The Education of a Sinner
Mar 5, 2004
I am a sinner. I have lied to, and occasionally cheated on, relatives and friends, used condoms on deeply religious catholic women (of course, a very rare breed in this day and age) and even stole the equivalent of twenty US Dollars from my dad’s pocket when I was twelve. But I have always been a good sinner. Every time I sinned, I went and confessed to someone, and sometimes to the same friends against whom I sinned. But the funny thing is that my confessions only made my sins greater and I became a bigger and confirmed sinner. Every confession carried a bigger multiple. These days I just don’t bother with confessions.
This morning I came across an interesting story in the Financial Times newspaper. Apparently, there are allegations that Bank of America has grossly “lowered its standards” to win business from wealthy families around the world. It had engaged in questionable and outright illegal activities to please wealthy families and generate business from them. I am not going to go into the juicy details, but anyone can see the story on page 21. In other words, it is o.k. to lie, cheat or dupe if you are a large financial institution, or a Parmalat or a hedge fund controlled by the son of a billionaire. In fact, you will not only be rewarded immensely for it but also such behaviour would be endorsed by the society as well. At least that was the case until a year ago. Sinning at a corporate level is (or was) acceptable by all and carries its perks.
And here is the punch. “If you admit your wrongdoings and deal with them appropriately and aggressively” then that is a big positive and you will be redeemed and praised. So says, Thane Bublitz of Thrivent Financial for Lutherians (which manages $60 billion and owns Bank of America shares). Why didn’t I meet Thane before? I would be such a reformed man and my personal balance sheet would be so much better. Because it seems that a sure way to go to heaven after committing a sin is to settle with the regulator, like Mr Elliot Spitzer in the case of BofA and God Almighty in my case, pay off some angry stakeholders and apologize to them (in my case take the woman out for lunch and tell her it’s o.k. to use condoms) and you can start all over again. The trick is to blame it on someone else – the rouge employee, Andrew Fastow, my liberal parents, whoever doesn’t matter, as long as you’ve got body to dump in the sea. If only I had paid back my uncle a twentieth of a hundred dollars that I borrowed and told him my paycheck got delayed, rather than telling him I was broke to begin with and can’t pay him in any case for the next few years, I could’ve fleeced him for another few hundred dollars. You can’t be honest when you are screwing people. Accept your mistake but blame it on someone else and thou shalt sin forever.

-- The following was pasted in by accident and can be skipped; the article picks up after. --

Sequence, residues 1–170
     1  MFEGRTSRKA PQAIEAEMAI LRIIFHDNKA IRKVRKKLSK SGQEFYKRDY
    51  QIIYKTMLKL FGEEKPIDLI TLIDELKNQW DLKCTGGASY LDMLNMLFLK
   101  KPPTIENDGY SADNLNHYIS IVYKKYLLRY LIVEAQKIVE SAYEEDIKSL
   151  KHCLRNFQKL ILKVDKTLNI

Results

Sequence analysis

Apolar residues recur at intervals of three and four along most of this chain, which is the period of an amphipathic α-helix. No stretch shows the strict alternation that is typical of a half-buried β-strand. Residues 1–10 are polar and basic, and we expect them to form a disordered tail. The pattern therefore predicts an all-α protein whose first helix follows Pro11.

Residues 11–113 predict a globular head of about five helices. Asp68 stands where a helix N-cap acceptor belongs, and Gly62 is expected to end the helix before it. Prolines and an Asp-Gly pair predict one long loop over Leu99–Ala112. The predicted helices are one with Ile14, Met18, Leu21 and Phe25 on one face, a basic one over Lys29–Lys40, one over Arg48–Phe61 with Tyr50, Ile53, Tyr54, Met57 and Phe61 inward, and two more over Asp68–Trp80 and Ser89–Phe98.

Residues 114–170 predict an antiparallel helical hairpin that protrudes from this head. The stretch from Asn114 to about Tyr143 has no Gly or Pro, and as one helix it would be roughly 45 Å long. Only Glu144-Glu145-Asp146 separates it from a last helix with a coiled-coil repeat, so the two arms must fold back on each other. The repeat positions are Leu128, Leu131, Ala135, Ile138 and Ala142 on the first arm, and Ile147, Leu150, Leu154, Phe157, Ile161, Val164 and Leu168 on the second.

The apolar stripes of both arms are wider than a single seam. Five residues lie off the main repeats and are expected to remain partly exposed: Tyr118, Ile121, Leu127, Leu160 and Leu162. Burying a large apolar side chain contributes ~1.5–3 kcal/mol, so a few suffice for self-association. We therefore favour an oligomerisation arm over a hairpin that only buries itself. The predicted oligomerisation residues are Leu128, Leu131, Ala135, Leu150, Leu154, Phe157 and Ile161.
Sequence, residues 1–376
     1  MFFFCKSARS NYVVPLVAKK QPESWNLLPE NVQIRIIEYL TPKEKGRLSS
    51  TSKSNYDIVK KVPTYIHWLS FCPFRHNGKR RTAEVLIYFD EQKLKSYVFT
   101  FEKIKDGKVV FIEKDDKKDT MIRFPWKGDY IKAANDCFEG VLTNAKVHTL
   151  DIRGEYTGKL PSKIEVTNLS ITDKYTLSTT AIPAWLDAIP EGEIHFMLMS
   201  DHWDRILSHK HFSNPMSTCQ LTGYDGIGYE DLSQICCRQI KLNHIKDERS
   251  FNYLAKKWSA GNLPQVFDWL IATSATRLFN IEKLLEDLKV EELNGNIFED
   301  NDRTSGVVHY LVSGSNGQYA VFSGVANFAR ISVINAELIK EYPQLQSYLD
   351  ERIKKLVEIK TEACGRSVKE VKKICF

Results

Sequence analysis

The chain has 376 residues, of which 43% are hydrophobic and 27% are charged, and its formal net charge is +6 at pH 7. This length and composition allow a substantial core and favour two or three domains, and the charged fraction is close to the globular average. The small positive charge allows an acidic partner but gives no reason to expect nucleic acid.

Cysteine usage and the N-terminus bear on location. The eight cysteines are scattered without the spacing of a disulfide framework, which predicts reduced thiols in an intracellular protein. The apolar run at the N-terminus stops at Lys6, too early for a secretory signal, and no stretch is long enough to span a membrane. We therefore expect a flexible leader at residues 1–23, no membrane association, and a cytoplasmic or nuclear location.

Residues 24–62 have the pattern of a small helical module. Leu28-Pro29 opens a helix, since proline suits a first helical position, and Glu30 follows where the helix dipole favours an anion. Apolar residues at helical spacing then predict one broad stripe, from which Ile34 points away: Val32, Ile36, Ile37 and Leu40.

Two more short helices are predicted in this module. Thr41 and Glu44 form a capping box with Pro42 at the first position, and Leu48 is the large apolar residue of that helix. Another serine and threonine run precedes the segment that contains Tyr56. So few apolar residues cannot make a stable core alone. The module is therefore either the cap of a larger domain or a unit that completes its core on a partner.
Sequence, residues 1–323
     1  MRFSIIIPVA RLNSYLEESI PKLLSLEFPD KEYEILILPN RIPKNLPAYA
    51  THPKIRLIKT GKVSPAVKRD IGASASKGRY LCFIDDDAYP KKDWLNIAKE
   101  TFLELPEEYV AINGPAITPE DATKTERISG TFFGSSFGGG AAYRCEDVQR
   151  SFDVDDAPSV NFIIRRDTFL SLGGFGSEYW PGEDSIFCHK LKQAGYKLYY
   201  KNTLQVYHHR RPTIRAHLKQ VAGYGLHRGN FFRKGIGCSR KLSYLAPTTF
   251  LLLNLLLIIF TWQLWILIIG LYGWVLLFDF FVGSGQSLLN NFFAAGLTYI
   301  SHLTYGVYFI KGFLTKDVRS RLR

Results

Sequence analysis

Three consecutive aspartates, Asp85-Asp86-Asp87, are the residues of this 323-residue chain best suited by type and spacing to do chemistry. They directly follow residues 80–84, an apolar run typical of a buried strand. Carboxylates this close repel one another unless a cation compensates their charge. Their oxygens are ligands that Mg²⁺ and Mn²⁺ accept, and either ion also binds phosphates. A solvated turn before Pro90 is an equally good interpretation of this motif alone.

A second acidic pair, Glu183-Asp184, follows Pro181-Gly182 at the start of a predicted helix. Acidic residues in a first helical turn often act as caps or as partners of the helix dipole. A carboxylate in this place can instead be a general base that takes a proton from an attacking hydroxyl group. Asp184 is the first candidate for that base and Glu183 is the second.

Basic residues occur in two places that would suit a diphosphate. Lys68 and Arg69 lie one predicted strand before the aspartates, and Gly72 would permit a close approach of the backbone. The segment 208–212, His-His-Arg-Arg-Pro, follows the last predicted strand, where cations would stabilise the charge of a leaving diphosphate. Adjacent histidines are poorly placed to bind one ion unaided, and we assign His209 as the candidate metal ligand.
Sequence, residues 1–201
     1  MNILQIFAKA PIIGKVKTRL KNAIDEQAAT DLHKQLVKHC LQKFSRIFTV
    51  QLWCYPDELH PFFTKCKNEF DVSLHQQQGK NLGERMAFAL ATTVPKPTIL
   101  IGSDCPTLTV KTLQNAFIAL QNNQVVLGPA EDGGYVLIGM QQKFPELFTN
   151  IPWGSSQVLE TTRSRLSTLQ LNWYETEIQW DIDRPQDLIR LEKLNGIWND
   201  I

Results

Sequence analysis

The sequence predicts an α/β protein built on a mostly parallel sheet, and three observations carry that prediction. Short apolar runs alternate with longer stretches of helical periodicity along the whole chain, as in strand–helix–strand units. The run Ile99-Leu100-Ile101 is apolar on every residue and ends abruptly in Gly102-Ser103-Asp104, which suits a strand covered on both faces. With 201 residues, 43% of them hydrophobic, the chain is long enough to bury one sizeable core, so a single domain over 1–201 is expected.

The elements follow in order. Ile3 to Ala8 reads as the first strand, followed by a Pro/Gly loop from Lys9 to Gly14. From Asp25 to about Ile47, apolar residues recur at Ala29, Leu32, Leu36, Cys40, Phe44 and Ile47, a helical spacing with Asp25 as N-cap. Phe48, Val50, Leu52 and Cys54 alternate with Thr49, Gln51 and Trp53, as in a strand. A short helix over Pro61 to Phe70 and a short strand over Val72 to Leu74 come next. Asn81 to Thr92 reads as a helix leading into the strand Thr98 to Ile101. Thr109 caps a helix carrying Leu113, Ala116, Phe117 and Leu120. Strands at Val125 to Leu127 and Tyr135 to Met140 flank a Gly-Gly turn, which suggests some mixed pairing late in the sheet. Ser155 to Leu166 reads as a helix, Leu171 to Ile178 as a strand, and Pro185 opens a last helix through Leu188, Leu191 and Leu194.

Bank of America, it seems, is a better bank after all these scandals and has a stronger balance sheet. So I asked this question to my dear friend and colleague (who sits next to me in the office), who is also a Director of my company. It is o.k. to sin if you are an institution but if you are an individual then it is not o.k. He thinks I am stupid to pursue this line of reasoning; Good deeds and sins are judged by God. How can God judge a corporation? I think he has a point but I still quite unsettled by this philosophical conundrum. An institution, a corporation, is formed by a group of individuals and yet it lives by different sets of rules. Adultery is bad, but corporate adultery is good.
Anyway, one thing I know I should do is to file some papers with Mr Elliot Spitzer in Washington D.C. in the U.S. You see, I run this one and half year old start up in Hong Kong and most of my shareholders are quite dissatisfied with me. This afternoon I raised this point with my colleague and told him my plan. He couldn’t believe his ears. With a mixture of pain and incredulity in his voice he said. “This isn’t fucking America and we are not even a fart in the wind”. “We are not a fucking Enron or a WorldCom, buddy?” I answered back, “We could be one day!” Well, he took the day off after that conversation. So, what’s wrong in going to Elliot Spitzer? After all it is only being a good corporate Samaritan.
God is dead, Long live Elliot Spitzer!
© Rahul Bhattacharya
This column is written by Rahul Bhattacharya and reflects his own views about life and business. It does not necessarily reflect the views and opinions of other members of Risk Latte Company Limited, Hong Kong (“the Company”) and the Company accepts no responsibility for any factual errors contained in the column and strongly advises readers not to pay much attention to it.
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